Celebrating Women's History Month

The National Science Teaching Association (NSTA) is spotlighting 10 American women—past and present STEM pioneers—whose remarkable contributions and discoveries in the STEM fields have made a significant impact in our world. Here is the list: 

  • Gladys West is an American mathematician known for her contributions to the mathematical modeling of the shape of the Earth, and her work on the development of the satellite geodesy models that were eventually incorporated into the Global Positioning System (GPS).
  • Barbara McClintock was an American scientist whose discovery in the 1940s and 50s of mobile genetic elements, or “jumping genes,” won her the Nobel Prize for Physiology or Medicine in 1983.
  • Flossie Wong-Staal was a Chinese-American virologist and molecular biologist. She was the first scientist to clone HIV and determine the function of its genes, which was a major step in proving that HIV is the cause of AIDS.

  • Grace Hopper was an American trailblazing computer scientist and United States Navy rear admiral. One of the first programmers of the Harvard Mark I computer, she was a pioneer of computer programming who invented one of the first linkers.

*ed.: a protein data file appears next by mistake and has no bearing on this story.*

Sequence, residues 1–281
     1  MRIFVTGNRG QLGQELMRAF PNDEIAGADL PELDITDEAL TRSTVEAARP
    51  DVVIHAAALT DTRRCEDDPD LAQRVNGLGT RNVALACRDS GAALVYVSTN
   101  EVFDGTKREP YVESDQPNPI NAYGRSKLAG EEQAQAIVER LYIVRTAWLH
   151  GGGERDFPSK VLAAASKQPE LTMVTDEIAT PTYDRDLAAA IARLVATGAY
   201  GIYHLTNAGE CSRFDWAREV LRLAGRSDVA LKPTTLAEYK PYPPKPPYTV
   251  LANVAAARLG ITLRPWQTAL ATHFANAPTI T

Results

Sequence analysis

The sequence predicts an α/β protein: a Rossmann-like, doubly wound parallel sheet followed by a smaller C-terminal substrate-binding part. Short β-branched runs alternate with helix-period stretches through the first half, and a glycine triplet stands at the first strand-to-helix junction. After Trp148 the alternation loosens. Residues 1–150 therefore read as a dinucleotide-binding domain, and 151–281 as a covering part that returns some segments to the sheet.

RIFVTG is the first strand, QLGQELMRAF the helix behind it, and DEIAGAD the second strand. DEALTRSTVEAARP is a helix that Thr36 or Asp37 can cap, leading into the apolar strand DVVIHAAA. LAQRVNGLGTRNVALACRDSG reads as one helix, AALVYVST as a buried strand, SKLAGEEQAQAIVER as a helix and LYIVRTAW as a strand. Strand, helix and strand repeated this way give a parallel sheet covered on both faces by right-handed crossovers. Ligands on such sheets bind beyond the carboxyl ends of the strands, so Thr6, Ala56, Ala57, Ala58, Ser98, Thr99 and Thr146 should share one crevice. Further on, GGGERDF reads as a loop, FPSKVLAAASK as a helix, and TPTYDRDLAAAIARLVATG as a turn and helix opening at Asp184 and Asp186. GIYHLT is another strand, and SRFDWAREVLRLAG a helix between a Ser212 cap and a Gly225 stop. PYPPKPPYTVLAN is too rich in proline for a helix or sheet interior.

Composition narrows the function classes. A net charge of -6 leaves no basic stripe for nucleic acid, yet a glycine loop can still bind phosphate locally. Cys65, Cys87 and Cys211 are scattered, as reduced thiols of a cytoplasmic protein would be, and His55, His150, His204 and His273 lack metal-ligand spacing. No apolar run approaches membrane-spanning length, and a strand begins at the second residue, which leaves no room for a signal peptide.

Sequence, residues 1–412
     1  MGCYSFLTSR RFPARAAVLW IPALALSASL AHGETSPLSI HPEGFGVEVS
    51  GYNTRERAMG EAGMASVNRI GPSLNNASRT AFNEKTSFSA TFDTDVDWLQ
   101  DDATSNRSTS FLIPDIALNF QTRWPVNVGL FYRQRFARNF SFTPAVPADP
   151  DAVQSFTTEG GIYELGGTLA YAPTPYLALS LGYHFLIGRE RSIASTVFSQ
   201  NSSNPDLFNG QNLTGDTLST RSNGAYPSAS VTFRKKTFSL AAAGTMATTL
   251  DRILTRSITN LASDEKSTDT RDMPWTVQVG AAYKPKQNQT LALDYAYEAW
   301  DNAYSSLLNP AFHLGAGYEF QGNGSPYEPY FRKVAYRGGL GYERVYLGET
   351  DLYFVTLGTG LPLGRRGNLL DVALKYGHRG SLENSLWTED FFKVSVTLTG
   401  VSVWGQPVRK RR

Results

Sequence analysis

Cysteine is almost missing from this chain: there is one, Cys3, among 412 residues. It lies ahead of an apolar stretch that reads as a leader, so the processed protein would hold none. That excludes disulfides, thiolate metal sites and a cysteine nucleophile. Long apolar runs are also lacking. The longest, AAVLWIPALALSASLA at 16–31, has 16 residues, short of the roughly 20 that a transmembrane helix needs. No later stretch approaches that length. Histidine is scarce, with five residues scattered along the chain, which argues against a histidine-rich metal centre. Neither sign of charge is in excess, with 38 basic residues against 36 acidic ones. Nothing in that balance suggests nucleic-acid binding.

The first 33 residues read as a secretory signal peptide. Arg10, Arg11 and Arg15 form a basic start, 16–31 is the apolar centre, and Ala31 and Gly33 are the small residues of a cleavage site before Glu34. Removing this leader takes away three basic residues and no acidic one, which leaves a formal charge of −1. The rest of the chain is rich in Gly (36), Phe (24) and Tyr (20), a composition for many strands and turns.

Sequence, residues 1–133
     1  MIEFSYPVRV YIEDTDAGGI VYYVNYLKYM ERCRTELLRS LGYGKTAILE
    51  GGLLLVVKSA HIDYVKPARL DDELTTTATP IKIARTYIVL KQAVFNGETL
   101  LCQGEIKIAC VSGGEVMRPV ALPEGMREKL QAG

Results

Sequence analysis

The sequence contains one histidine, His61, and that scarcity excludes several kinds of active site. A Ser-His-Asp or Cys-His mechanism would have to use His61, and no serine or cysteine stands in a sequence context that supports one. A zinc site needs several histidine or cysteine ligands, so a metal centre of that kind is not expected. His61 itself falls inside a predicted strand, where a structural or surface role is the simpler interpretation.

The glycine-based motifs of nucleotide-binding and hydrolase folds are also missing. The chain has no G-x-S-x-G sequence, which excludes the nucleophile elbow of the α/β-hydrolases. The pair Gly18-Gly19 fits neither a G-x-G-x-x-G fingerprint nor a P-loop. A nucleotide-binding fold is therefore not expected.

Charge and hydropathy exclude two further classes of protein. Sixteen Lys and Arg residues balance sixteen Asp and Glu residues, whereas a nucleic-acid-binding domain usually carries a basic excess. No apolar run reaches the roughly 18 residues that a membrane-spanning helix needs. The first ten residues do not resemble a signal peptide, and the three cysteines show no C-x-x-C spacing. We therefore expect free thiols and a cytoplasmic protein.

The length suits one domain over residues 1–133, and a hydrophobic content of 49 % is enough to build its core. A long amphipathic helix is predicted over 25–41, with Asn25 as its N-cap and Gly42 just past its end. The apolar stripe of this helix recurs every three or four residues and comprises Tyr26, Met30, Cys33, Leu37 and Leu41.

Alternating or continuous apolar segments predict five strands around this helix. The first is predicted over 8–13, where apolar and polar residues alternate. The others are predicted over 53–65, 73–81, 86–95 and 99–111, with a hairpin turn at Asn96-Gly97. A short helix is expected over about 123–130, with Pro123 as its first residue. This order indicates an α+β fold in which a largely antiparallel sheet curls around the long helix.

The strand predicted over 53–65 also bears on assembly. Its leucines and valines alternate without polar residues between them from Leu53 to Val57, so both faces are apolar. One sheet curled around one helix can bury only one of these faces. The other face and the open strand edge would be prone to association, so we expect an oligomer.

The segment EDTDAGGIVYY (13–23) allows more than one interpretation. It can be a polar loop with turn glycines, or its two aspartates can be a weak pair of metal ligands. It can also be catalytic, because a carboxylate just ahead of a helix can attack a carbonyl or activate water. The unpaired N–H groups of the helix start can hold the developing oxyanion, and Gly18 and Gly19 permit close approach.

• Patricia Bath was an American ophthalmologist, inventor, humanitarian, and academic. She was the inventor of laser cataract surgery. Bath’s invention was called the Lazerphaco Probe.

  • Gertrude Elion was an American biochemist and pharmacologist known for her scientific discovery of drugs to treat leukemia and herpes and drugs to prevent the rejection of kidney transplants.

  • Rana el Kaliouby is an Egyptian-American computer scientist, technologist, entrepreneur, and business leader, who invented artificial emotional intelligence, or Emotion AI, cutting-edge software that analyzes complex and nuanced emotion and cognitive states from the human face and voice.

  • Dian Fossey was an American primatologist and conservationist known for researching the endangered gorillas of the Rwandan mountain forest from the 1960s to the 1980s.

  • Antonia Novello is a Puerto Rican physician and public health administrator. She was a vice admiral in the Public Health Service Commissioned Corp and the first woman and the first Hispanic to become the Surgeon General of the United States.

  • Annie Jump Cannon was an American astronomer whose cataloging work was instrumental in the development of contemporary stellar classification.

How do you promote a more expansive view of who science people are in your science classroom?  What strategies do you use to teach resilience and normalize struggles in the science classroom?